Porto-sinusoidal vascular disease, portal hypertension, incomplete septal fibrosis
Introduction: Porto-sinusoidal vascular syndrome is characterised by specific histological changes that do not include cirrhosis, with or without portal hypertension. Patients are usually asymptomatic until development of portal hypertension complications.
Case description: A 69-year-old female with history of JAK2 positive essential thrombocythemia (ET) was referred to internal medicine consultation due to elevated liver enzymes. The patient had no previous history of liver disease. Seven months earlier, she had an ischaemic stroke and started treatment with atorvastatin. After discontinuing medication, liver enzymes returned to normal and atorvastatin-related drug-induced liver disease (DILI) was presumed.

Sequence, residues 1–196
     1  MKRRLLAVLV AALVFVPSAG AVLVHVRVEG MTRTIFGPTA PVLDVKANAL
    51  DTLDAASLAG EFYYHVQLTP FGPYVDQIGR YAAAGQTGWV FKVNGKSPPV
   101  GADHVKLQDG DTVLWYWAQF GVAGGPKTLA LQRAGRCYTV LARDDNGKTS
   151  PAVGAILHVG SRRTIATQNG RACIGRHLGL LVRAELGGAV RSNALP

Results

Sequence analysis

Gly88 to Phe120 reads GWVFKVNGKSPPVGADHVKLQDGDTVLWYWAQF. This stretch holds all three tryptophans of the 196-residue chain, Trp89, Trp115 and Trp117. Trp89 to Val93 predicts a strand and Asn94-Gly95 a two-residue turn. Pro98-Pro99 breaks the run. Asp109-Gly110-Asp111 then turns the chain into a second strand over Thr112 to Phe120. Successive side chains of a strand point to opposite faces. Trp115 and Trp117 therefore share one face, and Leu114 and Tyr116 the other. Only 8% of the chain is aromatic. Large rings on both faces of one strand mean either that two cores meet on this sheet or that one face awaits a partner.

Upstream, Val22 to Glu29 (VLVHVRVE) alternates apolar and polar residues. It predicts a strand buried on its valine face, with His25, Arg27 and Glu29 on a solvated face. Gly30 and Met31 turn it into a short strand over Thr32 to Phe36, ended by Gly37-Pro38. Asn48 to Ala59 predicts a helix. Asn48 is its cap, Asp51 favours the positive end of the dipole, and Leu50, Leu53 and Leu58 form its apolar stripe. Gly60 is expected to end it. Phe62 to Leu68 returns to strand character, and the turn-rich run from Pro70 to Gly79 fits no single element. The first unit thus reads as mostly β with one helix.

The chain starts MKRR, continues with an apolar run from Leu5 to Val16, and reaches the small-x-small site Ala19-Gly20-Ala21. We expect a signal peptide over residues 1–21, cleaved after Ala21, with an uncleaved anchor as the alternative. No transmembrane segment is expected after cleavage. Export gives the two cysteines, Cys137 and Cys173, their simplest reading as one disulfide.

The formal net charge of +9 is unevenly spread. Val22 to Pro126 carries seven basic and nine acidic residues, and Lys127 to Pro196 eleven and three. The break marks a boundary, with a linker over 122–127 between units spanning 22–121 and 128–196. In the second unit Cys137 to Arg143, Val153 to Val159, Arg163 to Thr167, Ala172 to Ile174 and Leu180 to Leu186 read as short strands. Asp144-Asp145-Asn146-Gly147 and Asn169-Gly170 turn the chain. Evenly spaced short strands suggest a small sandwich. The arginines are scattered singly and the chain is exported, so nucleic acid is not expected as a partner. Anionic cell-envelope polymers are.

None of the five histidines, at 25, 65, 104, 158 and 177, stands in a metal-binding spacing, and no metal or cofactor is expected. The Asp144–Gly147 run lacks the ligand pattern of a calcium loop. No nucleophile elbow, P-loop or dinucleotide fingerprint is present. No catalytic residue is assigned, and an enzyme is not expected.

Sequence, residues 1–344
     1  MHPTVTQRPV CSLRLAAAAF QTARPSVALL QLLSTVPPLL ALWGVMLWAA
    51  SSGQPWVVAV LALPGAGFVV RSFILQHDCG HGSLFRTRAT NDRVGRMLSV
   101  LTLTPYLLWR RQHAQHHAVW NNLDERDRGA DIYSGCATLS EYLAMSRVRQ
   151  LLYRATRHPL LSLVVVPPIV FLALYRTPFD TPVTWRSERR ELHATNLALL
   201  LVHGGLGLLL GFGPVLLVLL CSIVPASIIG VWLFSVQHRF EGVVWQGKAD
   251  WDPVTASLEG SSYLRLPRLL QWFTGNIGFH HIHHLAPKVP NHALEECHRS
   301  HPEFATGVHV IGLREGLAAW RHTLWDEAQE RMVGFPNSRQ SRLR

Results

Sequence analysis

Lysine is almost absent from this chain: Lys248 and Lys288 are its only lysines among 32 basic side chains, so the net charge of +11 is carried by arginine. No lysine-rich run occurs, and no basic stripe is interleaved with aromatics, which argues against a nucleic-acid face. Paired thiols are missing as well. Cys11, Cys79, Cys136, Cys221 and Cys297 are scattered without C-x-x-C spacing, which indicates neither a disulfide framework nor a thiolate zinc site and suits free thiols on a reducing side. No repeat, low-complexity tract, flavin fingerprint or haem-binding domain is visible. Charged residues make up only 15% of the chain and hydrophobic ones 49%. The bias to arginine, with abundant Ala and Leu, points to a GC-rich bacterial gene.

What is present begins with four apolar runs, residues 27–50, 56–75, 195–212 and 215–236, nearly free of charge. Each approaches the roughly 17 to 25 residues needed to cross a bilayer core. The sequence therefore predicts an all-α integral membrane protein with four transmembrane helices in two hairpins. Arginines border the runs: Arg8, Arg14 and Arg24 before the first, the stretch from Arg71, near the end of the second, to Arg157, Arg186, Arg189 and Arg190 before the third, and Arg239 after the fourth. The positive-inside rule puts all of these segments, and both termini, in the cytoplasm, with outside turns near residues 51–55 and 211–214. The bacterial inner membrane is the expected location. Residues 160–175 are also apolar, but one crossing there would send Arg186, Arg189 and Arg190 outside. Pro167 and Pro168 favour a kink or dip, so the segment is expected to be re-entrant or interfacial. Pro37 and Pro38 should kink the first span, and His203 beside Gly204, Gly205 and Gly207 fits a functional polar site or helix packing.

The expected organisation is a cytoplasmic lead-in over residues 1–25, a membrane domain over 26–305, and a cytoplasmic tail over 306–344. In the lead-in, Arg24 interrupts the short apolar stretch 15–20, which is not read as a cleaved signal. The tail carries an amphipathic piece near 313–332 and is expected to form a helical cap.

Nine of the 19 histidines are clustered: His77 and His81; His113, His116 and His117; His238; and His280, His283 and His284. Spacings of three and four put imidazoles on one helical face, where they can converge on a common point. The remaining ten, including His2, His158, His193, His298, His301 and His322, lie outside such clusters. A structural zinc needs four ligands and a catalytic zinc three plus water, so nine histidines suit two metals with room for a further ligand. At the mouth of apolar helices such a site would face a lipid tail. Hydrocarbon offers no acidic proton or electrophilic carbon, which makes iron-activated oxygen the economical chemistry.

During a follow-up visit, iron deficiency anaemia was detected and an endoscopic study was performed. It revealed a gastric varix actively bleeding, which was successfully treated with cyanoacrylate.
Two months later, the patient was admitted due to a new episode of variceal bleeding, and a portal hypertension complementary study was made.
Discussion: Although the pathogenesis of porto-sinusoidal vascular disease (PSVD) remains poorly understood, vascular changes within the liver have been associated with several predisposing conditions, such as hypercoagulable states. Patients with ET, especially those with JAK2 mutation, are known to be at increased risk of non-cirrhotic vein thrombosis. Concerning PSVD, the association is not clear but it is believed that both PSVD and myeloproliferative neoplasms share a common denominator: a state characterised by hypercoagulability, inflammation, endothelial dysfunction and, in some cases, portal hypertension.
Conclusion: Portal hypertension without cirrhosis is a rare condition, presenting diagnostic challenges and significant impact on the patient’s prognosis.
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Issue: 2023: LATEST ONLINE (view)